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    Congress Boost NIH Funding Budget by $2B in 2016

    Congress overwhelmingly passed the 2016 spending bill on Dec. 18th 2015. National Institutes of Health (NIH) is the winner in absolute dollars. After over a decade of minimal to no increases in the NIH budget, President Barack Obama signed into law a bill that would increase the NIH budget by $2 billion, or 6.6%, from its current budget of $30 billion to $32 billion.
    According to government officials, the proposed budget would specifically provide the NIH with $200 million for its planned Precision Medicine Initiative, an ambitious research effort unveiled by President Obama in January that, among other things, seeks to obtaining genome sequence data on more than 1 million Americans and to use that information accelerate the development of personalized medical treatments.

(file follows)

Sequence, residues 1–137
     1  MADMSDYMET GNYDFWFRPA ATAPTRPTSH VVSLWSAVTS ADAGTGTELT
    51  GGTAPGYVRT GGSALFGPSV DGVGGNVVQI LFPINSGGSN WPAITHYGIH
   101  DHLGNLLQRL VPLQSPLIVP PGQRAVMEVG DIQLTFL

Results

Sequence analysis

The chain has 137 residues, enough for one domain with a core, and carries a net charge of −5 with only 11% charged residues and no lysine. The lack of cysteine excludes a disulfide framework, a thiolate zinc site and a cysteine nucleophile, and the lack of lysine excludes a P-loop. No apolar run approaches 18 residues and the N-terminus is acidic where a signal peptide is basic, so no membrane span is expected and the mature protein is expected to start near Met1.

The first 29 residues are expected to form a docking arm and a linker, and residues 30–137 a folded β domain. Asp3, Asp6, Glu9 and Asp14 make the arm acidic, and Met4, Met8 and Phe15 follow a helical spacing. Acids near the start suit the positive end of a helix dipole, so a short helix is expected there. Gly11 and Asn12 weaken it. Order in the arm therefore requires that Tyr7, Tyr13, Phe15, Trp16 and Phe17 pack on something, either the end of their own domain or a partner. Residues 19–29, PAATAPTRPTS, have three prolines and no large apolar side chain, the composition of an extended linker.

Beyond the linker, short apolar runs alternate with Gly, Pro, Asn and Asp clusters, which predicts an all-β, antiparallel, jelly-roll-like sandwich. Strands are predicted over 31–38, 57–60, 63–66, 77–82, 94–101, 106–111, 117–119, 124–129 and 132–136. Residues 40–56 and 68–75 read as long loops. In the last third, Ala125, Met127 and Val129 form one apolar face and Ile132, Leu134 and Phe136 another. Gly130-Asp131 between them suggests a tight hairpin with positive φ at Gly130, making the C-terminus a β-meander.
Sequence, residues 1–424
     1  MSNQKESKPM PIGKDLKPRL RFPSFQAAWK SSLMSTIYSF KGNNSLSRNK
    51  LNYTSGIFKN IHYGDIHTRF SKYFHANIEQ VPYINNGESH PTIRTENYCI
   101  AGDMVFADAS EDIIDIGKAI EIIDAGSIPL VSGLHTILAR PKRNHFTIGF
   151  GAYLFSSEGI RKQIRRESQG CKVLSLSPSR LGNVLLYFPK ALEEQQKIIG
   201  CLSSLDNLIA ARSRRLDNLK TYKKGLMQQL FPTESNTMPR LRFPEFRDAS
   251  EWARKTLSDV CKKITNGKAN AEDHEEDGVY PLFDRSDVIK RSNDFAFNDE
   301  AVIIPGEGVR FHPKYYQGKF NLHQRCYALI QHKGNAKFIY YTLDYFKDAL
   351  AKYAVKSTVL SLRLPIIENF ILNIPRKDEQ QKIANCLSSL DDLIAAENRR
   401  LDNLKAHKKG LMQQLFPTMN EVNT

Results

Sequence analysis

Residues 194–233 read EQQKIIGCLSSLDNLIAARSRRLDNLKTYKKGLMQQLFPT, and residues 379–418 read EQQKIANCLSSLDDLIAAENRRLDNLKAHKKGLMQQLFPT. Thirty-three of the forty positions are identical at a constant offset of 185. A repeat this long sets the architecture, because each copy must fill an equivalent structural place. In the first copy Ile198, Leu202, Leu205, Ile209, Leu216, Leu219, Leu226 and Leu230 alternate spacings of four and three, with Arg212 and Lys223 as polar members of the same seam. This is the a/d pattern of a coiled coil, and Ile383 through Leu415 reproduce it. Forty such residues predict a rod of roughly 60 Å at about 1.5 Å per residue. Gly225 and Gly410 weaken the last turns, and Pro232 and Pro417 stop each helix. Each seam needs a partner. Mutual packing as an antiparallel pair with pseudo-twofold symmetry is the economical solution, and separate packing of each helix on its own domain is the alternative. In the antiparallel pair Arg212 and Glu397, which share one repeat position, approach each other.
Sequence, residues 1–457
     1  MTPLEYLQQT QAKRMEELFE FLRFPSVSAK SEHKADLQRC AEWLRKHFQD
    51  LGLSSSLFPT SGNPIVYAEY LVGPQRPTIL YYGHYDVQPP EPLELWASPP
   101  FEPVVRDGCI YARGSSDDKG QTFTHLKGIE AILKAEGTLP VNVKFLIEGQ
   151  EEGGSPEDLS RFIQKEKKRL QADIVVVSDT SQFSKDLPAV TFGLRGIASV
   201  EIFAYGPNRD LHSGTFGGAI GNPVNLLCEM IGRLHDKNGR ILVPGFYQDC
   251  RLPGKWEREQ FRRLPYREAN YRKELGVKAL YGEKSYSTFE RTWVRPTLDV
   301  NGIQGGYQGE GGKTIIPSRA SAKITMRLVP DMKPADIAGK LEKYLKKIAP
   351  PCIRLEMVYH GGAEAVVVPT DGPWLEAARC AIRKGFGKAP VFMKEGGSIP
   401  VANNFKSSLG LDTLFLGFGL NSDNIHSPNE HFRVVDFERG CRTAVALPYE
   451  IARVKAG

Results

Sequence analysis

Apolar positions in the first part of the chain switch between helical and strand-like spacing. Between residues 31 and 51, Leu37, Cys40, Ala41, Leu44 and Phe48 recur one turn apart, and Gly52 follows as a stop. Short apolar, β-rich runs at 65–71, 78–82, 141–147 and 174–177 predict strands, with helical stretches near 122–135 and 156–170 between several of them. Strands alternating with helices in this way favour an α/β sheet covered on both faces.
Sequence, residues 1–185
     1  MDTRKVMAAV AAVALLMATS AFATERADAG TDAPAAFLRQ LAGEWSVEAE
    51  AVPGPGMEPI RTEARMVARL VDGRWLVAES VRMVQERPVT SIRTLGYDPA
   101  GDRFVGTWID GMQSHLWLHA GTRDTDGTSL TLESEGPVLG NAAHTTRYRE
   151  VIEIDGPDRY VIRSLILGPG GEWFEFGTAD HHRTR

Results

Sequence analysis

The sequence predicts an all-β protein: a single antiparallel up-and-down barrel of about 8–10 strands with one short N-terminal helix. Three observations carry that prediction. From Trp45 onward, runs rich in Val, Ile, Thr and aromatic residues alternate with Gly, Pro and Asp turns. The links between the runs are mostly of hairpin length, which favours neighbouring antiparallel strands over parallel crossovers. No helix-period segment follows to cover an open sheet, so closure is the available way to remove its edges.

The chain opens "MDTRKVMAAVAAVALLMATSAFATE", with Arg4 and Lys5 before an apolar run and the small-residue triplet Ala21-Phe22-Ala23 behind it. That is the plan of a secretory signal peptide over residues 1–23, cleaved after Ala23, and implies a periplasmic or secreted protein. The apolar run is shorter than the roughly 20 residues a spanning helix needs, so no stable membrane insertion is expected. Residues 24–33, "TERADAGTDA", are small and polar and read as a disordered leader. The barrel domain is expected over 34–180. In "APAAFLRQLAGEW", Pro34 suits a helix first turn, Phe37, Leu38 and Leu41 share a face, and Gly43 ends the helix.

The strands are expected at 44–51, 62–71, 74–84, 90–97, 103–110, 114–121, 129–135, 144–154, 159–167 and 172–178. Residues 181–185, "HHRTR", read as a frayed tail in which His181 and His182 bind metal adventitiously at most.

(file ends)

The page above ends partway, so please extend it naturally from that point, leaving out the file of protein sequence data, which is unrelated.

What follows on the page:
The bill includes $350 million in new spending for Alzheimer’s disease research, a 60% increase over the 2015 amount and well above the president’s request of $51 million. It contains the $200 million requested by Obama for his Precision Medicine Initiative, $85 million in new funding for the BRAIN Initiative, and a $100-million boost for NIH’s role in a federal initiative on antimicrobial resistance. The National Children’s Study (NCS) follow-on, a revamped version of a study that NIH scrapped last year, receives $165 million, the same amount allocated for the NCS in 2015. The rest of the increase is spread among NIH’s institutes and centers, most of which will receive a boost of roughly 4%.